Tarsands vs. treaty

A just transition case study

by Susan Smitten  published by www.briarpatchmagazine.com  Apr 29, 2019   4 min read

In 2008, Beaver Lake Cree Nation (BLCN) filed a legal action against the governments of Canada and Alberta over the constitutional standing of numerous projects, including tarsands development – one of the world’s largest and most carbon-intensive energy developments. The high-stakes action represents a precedent in the Canadian court system. The Beaver Lake Cree case will be the first time the court is asked to delineate what counts as too much industrial development in the face of constitutionally protected treaty rights.

The conflict is between the promise in Treaty 6, which was signed in 1876 between the imperial Crown and First Nations. The treaty guarantees and affirms BLCN’s inherent right to hunt, trap, fish, and gather in perpetuity throughout their traditional territory and beyond, and the government’s allowable use of lands.

It took five years of battling just to get the case to go to trial. Having welcomed a veritable cavalcade of tarsands projects over the last couple of decades, Alberta and Canada have fought this legal action every step of the way. The two governments applied for a motion to dismiss the case, calling it “frivolous, improper and an abuse of process.” But the courts disagreed – both the Court of Queen’s Bench and at the appeals level – and said no further “delaying tactics” should be permitted.

The key issue is now going forward to trial: because of Crown authorizations, swaths of Beaver Lake Cree’s traditional territory no longer support the Nation’s way of life. Habitats have been fragmented and lands and waters have been degraded in ways that impede the Beaver Lake Cree’s meaningful exercise of treaty rights.

“Beaver Lake’s case raises pressing issues of fundamental importance to the Treaty relationship and reconciliation, but not yet considered by the courts: to what extent does Treaty 6 protect a meaningful way of life, and to what extent is the Crown obligated to consider cumulative effects on the meaningful practice of that way of life when it authorizes development?” noted Karey Brooks, legal counsel for the Beaver Lake Cree, in a press release last November.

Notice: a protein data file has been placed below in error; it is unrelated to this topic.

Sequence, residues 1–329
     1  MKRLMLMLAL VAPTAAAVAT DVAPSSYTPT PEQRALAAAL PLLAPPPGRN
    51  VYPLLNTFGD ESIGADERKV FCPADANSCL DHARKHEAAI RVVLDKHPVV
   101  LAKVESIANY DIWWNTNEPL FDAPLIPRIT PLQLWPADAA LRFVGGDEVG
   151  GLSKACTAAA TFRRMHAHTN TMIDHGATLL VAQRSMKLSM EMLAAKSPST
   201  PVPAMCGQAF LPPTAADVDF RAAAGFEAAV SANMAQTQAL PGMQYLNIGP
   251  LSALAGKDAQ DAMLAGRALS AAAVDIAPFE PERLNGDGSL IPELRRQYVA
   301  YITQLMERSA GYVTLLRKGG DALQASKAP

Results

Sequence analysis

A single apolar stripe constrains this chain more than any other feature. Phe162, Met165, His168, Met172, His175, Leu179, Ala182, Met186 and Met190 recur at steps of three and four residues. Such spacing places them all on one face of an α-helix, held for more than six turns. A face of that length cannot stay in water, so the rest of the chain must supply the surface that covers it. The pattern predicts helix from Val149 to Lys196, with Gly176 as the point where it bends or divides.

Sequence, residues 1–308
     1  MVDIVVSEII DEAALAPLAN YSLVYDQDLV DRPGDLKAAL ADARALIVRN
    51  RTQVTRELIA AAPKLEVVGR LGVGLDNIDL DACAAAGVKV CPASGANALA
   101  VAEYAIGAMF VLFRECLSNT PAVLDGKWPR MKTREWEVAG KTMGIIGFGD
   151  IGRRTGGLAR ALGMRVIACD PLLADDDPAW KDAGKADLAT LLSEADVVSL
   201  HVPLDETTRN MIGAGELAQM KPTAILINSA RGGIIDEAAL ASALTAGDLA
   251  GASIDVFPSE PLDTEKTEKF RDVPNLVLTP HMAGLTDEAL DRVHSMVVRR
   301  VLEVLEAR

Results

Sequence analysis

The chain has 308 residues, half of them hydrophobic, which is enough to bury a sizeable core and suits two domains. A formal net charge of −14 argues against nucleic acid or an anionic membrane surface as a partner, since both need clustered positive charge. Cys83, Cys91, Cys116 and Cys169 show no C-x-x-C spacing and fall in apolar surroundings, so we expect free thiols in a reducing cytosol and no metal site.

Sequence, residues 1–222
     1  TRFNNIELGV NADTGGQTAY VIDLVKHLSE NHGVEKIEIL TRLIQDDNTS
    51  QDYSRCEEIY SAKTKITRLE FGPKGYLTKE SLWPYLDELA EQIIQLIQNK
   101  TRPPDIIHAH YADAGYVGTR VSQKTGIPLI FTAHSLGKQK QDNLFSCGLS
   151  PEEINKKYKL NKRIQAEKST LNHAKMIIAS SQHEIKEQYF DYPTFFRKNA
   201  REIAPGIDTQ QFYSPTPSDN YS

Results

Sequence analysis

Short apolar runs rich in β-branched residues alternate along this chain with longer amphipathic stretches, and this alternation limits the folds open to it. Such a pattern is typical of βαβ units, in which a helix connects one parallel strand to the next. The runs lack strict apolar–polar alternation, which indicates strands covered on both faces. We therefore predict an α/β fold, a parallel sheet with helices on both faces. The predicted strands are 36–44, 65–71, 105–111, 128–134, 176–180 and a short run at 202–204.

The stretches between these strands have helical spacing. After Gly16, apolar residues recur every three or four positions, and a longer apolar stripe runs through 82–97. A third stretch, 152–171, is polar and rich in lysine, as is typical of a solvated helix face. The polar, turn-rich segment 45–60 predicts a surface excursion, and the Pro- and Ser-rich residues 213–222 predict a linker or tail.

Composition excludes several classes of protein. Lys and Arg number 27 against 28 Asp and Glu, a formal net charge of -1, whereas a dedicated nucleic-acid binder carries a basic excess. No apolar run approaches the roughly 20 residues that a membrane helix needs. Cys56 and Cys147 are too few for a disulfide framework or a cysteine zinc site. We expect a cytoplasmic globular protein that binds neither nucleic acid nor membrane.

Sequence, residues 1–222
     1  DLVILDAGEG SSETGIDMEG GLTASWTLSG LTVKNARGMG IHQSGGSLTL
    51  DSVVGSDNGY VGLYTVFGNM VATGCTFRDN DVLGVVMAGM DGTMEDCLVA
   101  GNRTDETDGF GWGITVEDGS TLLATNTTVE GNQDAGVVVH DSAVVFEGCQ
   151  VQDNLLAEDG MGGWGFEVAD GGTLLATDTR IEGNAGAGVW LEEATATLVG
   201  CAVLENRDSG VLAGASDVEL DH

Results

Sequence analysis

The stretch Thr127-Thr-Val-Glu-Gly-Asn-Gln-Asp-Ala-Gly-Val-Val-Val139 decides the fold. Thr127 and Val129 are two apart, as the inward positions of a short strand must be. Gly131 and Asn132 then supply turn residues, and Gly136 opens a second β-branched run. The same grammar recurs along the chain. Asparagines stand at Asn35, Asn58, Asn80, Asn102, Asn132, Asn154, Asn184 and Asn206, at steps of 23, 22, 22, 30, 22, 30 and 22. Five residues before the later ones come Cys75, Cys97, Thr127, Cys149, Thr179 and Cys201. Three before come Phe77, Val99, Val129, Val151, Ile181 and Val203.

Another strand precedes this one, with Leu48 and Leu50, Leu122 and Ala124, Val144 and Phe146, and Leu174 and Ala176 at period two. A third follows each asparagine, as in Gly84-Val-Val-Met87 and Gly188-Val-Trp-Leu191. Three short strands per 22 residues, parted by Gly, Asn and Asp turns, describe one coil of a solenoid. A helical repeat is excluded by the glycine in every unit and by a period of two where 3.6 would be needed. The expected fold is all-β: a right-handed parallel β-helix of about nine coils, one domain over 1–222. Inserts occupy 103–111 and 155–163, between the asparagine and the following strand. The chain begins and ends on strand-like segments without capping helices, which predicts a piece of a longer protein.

The Nation can no longer ignore the impact to their land and way of life. As I explain on raventrust.com, “Canada and Alberta have issued more than 19,000 individual authorizations (permits), which have translated into 300 individual industrial projects that take up more than 90 per cent of Beaver Lake Cree traditional territory. As a result, the once-pristine forest and hunting grounds are now covered with over 35,000 oil and gas sites, 21,700 kilometres of seismic lines, 4,028 kilometres of pipeline, and 948 kilometres of road – with devastating effects on wildlife populations like the woodland caribou and fish species.”

“Alberta and Canada argue that they are doing their diligence in their due process to consult with First Nations. What the Beaver Lake Cree Nation seeks is not an arbitrary process, but rather consent as affirmed in the UNDRIP Article 19,” explains Crystal Lameman, treaty coordinator for the Beaver Lake Cree.

“What the Beaver Lake Cree Nation seeks is not an arbitrary process, but rather consent as affirmed in the UNDRIP Article 19.”

The United Nations Declaration on the Rights of Indigenous Peoples (UNDRIP) mandates that “States shall consult and cooperate in good faith with the indigenous peoples concerned through their own representative institutions in order to obtain their free, prior and informed consent before adopting and implementing legislative or administrative measures that may affect them.”

“Yet Alberta is asking for an exemption of in-situ projects from federal regulation, and that downstream emissions from the burning of fossil fuels be excluded from the regulatory review process, on the grounds that they already are subject to an onerous environmental review process of in-situ oilsands development through the Alberta Climate Leadership Plan (ACLP),” says Lameman. “What Alberta fails to mention is that the ACLP does not provide for protection of Treaty rights, omits cumulative effects and does not consider emissions from the combustion of Alberta oil outside of the province’s borders, [like] downstream emissions.”

Photo courtesy of RAVEN Trust

On the supply side, the ACLP still allows emissions from the production of the tarsands to increase 47.5 per cent above 2014 levels. And Canada’s and Alberta’s carbon emissions calculations focus only on domestic carbon pollution. Neither the Alberta emissions cap nor the Pan-Canadian Framework on Clean Growth and Climate Change account for the emissions caused by burning exported Canadian fossil fuels – mainly Alberta oil.